In our pilot animal investigation using a mouse CLP model, we were unable to observe the upregulation of EV β2 integrins and PD-L2, as opposed to our findings in sepsis patients. The reasons for these discrepancies are unclear. The major biogenesis pathways of EVs appear to be well conserved between mouse and human (2). One plausible explanation might be that the CLP model has a limited capacity to reflect the pathophysiological responses that occur in human sepsis. How well the global gene expression patterns elicited by the CLP model can mimic those by human sepsis remains a controversial issue (30).
Increased plasma sPD-L1 levels have been associated with survival in lymphoma (31) and atherosclerotic vascular pathologies in type 2 diabetes mellitus (32). sPD-L1 is biologically active in binding to PD-1, enabling it to either deliver negative signals to suppress T-cell functions (25) or to block the cellular PD-1/PD-L1 interactions that augment T-cell functions (32) depending on the pathological context. In sepsis, a study by Liu et al. (33) involving 91 sepsis patients demonstrated that sPD-L1 was increased in sepsis compared with healthy controls, was increased in nonsepsis survivors compared with sepsis survivors, and correlated with lymphocyte counts, platelet counts, and SOFA scores. In contrast, the study by Wilson et al. (34) involving 22 sepsis patients found no significant increase of sPD-L1. Consistent with Liu et al. (33), the present study showed that sPD-L1 levels in the plasma were significantly increased in the sepsis group compared with those of the control group. Furthermore, as reported by Liu et al(33), we have also shown a significant correlation of sPD-L1 levels with SOFA score in sepsis. In addition, our results revealed that sPD-L1 levels significantly correlated with impaired central nervous system function, as assessed by the GCS, as well as impaired renal function based on reduced eGFR and increased serum creatinine. These results suggest a possible link between sPD-L1 and organ failure. Increased sPD-L1 levels might be merely a consequence of aberrant activation of immune cells and nonimmune cells, resulting in the release of more sPD-L1 (6). Alternatively, increased sPD-L1 might lead to enhanced activity that blocks inhibitory signals via the PD-1/PD-L1 interaction, thereby exacerbating inflammation (32). Unlike sPD-L1, sPD-L2 did not altered in SIRS and sepsis, probably because of multiple factors such as different cellular origins and different biogenesis of sPD-L2 compared with sPD-L1 (6).
Sepsis patients are highly heterogenous with respect to their etiologies, disease progressions, and prognoses (35). A possible heterogeneity in the sizes and surface marker expression levels of EVs from sepsis and SIRS patients could make it difficult to identify the relevant underlying pathological changes underlying the disease. In an effort to examine less heterogenous samples, we subgrouped the sepsis samples depending on the EV sizes, the expression levels of the EV integrins PD-L1, and PD-L2, and on the sepsis etiologies. Subsequent subgroup analyses have produced several significant findings. For example, in the EV β2 integrin-positive subgroup, sPD-L1 levels positively correlated with neutrophil counts. A previous study found a similar correlation in lung cancer patients (33). Additionally, in the EV PD-L1-positive subgroup, EV β2 integrin expression levels correlated not only with hypotension but also with liver injury, as shown by the increased AST and ALT. These findings might point to the complexities of the deregulated immune system, intensifying inflammation both in the EV β2 integrin-positive subgroup and in the EV PD-L1-positive subgroup.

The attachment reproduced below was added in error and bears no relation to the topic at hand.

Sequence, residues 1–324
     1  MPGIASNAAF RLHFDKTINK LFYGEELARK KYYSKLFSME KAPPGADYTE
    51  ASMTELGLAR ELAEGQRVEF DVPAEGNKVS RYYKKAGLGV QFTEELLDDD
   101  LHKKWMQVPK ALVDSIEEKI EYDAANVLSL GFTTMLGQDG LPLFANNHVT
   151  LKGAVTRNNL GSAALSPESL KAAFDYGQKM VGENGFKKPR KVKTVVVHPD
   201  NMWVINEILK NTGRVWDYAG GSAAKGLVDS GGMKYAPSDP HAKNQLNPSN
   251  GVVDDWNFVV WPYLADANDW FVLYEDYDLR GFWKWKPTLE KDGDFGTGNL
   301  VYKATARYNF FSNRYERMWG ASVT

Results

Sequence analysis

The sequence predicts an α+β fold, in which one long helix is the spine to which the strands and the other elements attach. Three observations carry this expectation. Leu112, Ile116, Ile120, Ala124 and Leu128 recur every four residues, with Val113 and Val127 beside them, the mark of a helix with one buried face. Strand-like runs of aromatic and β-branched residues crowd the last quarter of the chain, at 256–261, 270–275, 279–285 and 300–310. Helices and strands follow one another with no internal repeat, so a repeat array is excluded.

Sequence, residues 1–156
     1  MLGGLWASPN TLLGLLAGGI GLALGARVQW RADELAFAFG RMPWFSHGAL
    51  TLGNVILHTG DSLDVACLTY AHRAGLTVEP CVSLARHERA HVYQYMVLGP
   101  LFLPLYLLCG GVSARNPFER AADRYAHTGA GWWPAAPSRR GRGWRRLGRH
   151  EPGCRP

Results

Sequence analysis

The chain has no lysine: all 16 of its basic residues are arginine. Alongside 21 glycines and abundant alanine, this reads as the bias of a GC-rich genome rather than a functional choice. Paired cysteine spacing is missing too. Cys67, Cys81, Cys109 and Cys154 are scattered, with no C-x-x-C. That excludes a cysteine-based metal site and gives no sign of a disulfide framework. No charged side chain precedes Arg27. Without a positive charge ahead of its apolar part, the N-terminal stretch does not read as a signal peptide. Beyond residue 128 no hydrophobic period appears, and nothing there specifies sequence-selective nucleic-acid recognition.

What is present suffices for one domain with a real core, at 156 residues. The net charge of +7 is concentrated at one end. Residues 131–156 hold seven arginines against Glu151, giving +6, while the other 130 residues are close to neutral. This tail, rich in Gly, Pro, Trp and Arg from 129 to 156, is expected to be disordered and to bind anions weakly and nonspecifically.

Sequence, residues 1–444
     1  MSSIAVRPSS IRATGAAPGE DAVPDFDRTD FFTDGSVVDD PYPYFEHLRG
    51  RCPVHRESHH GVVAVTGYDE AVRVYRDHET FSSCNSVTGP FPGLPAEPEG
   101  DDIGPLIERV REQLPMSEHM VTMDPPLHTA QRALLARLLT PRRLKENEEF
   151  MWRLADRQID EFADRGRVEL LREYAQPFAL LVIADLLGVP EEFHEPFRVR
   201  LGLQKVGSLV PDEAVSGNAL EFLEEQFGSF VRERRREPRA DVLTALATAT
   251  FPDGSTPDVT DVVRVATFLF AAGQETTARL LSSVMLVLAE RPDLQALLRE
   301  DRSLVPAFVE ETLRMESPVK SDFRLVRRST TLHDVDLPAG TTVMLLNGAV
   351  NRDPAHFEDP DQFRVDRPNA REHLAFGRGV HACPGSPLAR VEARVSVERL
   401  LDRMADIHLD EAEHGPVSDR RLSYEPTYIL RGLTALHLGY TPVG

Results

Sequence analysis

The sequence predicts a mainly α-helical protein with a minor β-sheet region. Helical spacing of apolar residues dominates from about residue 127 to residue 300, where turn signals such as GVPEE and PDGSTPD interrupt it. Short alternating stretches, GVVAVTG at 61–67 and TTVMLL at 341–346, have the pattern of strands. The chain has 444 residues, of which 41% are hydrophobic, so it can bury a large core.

In addition, although all samples were obtained within 7 days of ICU admission and the majority of the samples were obtained within 4 days of ICU admission, differences in sampling time could lead to heterogeneity in the EV characteristics. The EV expression levels of PD-L1 and PD-L2 and sPD-L2 levels did not significantly differ at any sampling points in the SIRS and sepsis groups (Fig S14A&B, and Fig S15, http://links.lww.com/SHK/A792). By contrast, sPD-L1 levels in SIRS were higher in samples obtained at ICU day 7, compared with samples at ICU day 2 and 3 (Fig S14C&D, http://links.lww.com/SHK/A792). A future investigation would be needed to study the collecting of samples at different time points for the same patients, as such sample collection data were not available with the present patient cohorts.
The authors would like to thank Dr. Hiroshi Yonekura at the Department of Pharmaco-epidemiology, Kyoto University Graduate School of Medicine, and Dr. Takumi Imai at the Department of Clinical Biostatistics, Kyoto University School of Public Health, for advice with statistical analysis.
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Extracellular vesicles; integrin; programmed death ligand-1 and ligand-2; sepsis